But if tenants thought Menlo would finally understand how they lived, such notions quickly dissipated. The landlord who would put off paying for so much as a plumber to fix a toilet suddenly had repairmen descending on the unit that would serve as his jail, painting and refurbishing. Then deliverymen carried in new furniture. Even security increased, with as many as six guards standing watch outside the complex around the clock shortly after Menlo moved in, tenants reported.

"They should have put him in with one of us, so he knows how we feel," grumbled former tenant Luis Cabrera, who had holes in the kitchen where mice had chewed their way through the floorboards.

Holocaust Survivor Is Lauded for Generosity

At synagogues and charities throughout the region, Menlo holds an entirely different reputation: that of a Holocaust survivor of exceptional decency and philanthropy.

In letters to the court in the Anaheim case asking for leniency, at least 10 rabbis or directors of Southern California Jewish schools, synagogues or associations enumerated Menlo's generosity.

"He's a fine man. He's just a marvelous person," said Rabbi Yonason Denebeim of the Chabad of Palm Springs, where Menlo has donated thousands of dollars over the past 15 years. "I wish there were more folks like him."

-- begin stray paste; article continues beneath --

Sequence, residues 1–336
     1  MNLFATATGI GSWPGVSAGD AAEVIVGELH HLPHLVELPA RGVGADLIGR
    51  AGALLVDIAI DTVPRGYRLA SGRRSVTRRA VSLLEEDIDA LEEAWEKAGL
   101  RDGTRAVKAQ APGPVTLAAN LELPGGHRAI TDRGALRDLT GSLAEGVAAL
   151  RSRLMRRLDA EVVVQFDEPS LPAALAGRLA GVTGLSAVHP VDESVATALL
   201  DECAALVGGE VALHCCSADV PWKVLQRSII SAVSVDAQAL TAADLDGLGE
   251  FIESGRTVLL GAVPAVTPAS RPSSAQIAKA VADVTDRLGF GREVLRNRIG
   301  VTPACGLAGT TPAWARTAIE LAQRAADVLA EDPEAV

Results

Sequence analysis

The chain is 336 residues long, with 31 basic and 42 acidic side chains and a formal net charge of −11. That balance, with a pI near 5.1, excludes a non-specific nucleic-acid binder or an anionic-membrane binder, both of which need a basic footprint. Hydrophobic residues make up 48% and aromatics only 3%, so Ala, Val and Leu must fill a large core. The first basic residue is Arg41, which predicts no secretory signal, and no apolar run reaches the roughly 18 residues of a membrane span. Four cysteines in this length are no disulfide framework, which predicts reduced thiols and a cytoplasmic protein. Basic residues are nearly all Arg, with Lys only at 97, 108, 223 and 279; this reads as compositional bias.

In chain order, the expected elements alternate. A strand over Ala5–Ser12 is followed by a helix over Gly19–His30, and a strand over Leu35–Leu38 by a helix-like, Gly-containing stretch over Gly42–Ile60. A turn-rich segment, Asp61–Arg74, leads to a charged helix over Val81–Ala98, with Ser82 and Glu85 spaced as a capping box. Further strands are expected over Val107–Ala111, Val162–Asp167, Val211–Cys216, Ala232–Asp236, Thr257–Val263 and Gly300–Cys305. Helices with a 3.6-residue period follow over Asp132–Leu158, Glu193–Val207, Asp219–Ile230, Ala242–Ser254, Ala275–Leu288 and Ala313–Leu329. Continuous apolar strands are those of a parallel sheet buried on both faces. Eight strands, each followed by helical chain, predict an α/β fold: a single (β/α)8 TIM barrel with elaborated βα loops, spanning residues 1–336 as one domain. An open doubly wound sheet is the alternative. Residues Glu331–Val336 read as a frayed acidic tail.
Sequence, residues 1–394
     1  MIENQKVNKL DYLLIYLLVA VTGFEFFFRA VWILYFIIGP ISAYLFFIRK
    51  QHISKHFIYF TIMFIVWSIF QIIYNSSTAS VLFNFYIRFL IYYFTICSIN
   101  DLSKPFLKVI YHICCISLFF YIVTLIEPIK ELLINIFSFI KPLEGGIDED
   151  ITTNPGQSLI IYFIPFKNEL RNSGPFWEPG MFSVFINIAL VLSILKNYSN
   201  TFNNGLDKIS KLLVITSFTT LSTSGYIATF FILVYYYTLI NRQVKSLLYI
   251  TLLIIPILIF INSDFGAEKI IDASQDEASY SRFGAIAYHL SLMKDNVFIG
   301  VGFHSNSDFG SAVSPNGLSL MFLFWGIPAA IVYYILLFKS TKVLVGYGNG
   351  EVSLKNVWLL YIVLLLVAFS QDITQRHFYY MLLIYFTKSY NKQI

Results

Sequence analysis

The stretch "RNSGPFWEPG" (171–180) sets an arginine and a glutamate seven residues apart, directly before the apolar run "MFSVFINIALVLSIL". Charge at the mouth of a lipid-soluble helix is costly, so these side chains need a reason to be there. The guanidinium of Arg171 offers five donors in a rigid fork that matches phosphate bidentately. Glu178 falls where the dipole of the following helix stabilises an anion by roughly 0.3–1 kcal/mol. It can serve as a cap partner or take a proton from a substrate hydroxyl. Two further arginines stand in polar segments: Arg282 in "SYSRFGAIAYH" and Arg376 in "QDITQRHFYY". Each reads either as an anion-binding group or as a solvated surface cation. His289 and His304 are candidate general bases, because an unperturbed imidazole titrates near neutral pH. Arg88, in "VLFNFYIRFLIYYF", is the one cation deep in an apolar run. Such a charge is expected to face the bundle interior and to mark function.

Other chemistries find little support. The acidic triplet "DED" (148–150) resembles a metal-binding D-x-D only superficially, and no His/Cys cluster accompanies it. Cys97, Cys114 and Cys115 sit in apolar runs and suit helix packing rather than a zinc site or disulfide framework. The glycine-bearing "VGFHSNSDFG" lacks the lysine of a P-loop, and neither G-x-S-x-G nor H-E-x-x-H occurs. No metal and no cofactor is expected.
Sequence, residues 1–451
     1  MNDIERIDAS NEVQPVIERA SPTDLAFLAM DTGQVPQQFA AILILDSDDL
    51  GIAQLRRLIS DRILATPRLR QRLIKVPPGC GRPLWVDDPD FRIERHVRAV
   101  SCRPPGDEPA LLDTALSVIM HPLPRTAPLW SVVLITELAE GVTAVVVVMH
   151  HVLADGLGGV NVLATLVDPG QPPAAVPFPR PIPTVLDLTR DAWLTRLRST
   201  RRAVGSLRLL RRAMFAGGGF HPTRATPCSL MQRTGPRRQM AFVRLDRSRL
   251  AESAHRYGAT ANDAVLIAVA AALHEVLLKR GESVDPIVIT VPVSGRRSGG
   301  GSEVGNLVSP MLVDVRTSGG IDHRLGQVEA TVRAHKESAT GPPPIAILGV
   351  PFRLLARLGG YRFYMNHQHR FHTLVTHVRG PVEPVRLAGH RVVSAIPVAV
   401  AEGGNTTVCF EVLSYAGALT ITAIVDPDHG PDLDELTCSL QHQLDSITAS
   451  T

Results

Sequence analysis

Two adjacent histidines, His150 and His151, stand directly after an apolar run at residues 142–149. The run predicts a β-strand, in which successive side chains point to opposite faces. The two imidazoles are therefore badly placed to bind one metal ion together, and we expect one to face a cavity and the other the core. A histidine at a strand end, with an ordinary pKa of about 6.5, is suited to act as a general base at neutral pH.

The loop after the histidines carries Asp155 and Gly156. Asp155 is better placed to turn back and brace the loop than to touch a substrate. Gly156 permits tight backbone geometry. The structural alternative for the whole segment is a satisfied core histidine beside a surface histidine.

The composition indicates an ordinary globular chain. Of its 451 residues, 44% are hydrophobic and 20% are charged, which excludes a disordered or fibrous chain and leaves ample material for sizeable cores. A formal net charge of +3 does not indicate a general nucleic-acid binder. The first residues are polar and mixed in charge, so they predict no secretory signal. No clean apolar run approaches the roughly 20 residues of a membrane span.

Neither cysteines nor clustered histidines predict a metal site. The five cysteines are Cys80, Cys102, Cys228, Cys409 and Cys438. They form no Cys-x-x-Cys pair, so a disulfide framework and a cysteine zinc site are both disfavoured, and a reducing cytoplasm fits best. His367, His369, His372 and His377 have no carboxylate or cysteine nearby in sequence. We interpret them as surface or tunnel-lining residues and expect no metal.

His wife of 44 years, Vera Menlo, also described him as a generous man, who is "loving, conscientious and hard-working." She spent the bulk of her letter detailing the tragic early life of the man she affectionately calls "my Sam."

Menlo lived in a Czechoslovakian ghetto until he was 14. Later, he was incarcerated in a series of Nazi concentration camps: Auschwitz, Buchenwald, Birobidzhan, she wrote. He watched as the Nazis executed his family, his attorney said.

"By the time he was liberated in 1945, he had lost his father, mother, his four brothers, his sister and his grandparents, as well as his other relatives--literally his entire family was killed," Vera Menlo wrote. "He was left alone to survive in the world."